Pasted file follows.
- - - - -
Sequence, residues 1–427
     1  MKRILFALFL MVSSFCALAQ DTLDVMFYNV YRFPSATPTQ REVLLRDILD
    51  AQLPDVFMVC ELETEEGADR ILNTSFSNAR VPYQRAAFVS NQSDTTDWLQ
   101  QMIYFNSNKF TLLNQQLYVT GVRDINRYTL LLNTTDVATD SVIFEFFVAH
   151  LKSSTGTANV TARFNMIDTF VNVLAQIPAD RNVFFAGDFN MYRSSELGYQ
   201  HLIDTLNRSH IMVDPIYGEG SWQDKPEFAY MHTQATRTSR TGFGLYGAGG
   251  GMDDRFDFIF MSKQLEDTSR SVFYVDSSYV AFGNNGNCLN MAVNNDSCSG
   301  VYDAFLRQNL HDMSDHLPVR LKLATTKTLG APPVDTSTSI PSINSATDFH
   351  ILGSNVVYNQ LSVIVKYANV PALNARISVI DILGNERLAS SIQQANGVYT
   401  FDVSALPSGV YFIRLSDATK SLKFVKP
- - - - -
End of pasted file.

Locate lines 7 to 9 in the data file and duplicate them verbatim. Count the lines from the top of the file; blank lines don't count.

   251  GMDDRFDFIF MSKQLEDTSR SVFYVDSSYV AFGNNGNCLN MAVNNDSCSG
   301  VYDAFLRQNL HDMSDHLPVR LKLATTKTLG APPVDTSTSI PSINSATDFH
   351  ILGSNVVYNQ LSVIVKYANV PALNARISVI DILGNERLAS SIQQANGVYT